false profession

See: hypocrisy
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References in classic literature ?
I was beginning to relent towards my wretched partner; to pity his forlorn, comfortless condition, unalleviated as it is by the consolations of intellectual resources and the answer of a good conscience towards God; and to think I ought to sacrifice my pride, and renew my efforts once again to make his home agreeable and lead him back to the path of virtue; not by false professions of love, and not by pretended remorse, but by mitigating my habitual coldness of manner, and commuting my frigid civility into kindness wherever an opportunity occurred; and not only was I beginning to think so, but I had already begun to act upon the thought - and what was the result?
Hamlin, "Misbelief, False Profession, and The Jew of Malta" (125-34); Deborah Willis, "Doctor Faustus and the Early Modern Language of Addiction" (135-48); Christine McCall Probes, "Rhetorical Strategies for a locus terribilis: Senses, Signs, Symbols, and Theological Allusion in Marlowe's The Massacre at Paris" (149-66); John Parker, "Barabas and Charles I" (167-84).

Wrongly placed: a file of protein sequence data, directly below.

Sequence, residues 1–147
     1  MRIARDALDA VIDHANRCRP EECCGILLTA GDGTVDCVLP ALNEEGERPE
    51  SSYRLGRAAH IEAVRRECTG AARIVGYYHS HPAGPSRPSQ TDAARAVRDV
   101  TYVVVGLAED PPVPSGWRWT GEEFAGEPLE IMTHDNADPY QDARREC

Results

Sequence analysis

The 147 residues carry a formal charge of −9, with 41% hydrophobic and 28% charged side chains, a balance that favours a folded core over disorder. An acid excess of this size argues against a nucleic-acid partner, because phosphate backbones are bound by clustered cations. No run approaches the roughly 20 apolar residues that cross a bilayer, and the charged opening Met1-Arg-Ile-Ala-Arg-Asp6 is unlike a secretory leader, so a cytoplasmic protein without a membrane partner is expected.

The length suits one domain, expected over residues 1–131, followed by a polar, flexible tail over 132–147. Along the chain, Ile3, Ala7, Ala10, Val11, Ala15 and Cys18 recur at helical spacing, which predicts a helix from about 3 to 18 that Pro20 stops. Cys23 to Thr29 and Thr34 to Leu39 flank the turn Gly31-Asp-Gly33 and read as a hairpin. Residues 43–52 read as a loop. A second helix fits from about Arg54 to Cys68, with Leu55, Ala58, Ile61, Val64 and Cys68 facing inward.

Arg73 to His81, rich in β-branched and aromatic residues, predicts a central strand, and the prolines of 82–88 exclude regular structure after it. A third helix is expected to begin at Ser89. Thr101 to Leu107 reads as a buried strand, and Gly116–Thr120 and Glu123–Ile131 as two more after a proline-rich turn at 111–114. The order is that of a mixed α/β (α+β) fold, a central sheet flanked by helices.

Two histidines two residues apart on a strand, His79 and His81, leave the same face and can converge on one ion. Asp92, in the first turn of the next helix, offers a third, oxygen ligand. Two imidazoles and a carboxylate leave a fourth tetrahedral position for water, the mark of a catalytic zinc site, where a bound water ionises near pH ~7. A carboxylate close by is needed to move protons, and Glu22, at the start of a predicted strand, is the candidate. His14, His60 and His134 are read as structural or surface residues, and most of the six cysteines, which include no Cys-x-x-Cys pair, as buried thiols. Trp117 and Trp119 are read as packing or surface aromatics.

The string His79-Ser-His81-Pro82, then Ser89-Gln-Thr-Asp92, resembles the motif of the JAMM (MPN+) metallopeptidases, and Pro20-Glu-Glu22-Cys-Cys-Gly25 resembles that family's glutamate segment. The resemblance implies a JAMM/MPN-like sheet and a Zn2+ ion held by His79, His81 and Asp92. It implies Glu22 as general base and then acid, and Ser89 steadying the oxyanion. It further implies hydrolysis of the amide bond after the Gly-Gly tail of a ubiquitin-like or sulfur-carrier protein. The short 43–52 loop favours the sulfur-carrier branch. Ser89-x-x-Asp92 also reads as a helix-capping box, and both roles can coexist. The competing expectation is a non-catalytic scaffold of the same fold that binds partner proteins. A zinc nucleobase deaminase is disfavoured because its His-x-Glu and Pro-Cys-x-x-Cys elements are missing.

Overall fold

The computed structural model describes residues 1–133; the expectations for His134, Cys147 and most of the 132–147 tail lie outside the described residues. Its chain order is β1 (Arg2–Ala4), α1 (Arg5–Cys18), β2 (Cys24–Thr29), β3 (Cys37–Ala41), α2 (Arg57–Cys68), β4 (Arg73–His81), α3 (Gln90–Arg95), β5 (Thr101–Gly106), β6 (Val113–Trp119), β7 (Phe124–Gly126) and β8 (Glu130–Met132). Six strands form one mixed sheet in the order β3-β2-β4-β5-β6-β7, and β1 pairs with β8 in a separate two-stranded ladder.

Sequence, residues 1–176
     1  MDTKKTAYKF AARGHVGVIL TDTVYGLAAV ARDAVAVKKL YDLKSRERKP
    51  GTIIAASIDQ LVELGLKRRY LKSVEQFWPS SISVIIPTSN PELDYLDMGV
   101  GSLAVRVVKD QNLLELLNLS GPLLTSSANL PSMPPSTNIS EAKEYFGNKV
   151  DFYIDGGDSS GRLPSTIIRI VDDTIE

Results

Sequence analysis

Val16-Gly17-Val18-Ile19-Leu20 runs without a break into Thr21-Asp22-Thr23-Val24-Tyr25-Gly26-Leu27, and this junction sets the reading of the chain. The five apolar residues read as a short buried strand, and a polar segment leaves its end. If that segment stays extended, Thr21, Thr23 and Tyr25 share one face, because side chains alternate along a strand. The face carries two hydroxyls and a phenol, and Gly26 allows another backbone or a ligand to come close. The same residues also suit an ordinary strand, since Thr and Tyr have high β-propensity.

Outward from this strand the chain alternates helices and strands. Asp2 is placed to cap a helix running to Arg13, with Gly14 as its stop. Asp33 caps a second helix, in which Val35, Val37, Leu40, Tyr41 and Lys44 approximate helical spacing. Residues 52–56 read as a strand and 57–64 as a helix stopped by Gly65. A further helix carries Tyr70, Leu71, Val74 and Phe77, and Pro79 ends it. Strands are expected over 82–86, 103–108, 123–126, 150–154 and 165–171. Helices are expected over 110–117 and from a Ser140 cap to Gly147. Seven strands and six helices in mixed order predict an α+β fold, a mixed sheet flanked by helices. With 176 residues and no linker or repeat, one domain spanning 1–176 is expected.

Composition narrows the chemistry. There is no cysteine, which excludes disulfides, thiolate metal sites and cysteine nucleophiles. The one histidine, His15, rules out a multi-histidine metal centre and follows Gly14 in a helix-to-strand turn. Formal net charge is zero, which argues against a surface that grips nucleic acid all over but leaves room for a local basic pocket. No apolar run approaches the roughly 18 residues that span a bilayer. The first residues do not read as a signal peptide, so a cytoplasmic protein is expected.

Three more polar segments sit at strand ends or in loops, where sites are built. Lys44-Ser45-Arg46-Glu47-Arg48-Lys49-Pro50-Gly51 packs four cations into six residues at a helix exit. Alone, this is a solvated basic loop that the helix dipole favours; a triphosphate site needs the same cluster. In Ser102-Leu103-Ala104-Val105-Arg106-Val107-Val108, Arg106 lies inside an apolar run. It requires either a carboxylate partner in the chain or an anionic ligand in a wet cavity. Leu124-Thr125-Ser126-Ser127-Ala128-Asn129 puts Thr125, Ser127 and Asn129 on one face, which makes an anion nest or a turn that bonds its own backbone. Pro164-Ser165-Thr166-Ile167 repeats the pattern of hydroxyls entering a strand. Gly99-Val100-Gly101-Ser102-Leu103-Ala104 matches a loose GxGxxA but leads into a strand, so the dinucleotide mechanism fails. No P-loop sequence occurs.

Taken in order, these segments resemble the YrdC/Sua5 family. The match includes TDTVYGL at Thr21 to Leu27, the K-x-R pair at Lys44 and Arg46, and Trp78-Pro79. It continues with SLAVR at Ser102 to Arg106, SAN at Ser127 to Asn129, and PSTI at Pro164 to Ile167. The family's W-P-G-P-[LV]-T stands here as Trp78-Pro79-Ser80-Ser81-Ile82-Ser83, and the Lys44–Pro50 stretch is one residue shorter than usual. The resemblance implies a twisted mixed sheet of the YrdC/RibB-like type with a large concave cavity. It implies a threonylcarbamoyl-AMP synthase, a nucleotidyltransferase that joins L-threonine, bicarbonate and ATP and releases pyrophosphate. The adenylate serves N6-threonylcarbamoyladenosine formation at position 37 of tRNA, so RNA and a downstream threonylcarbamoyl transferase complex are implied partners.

In an excellent display of the good use that can be made of literature in ethical discussion, the second chapter gives an interpretation of Anna Karenina as intended by Tolstoy to show the destructiveness of false professions of happiness, effectively raising the issue of the validity of self-reported data.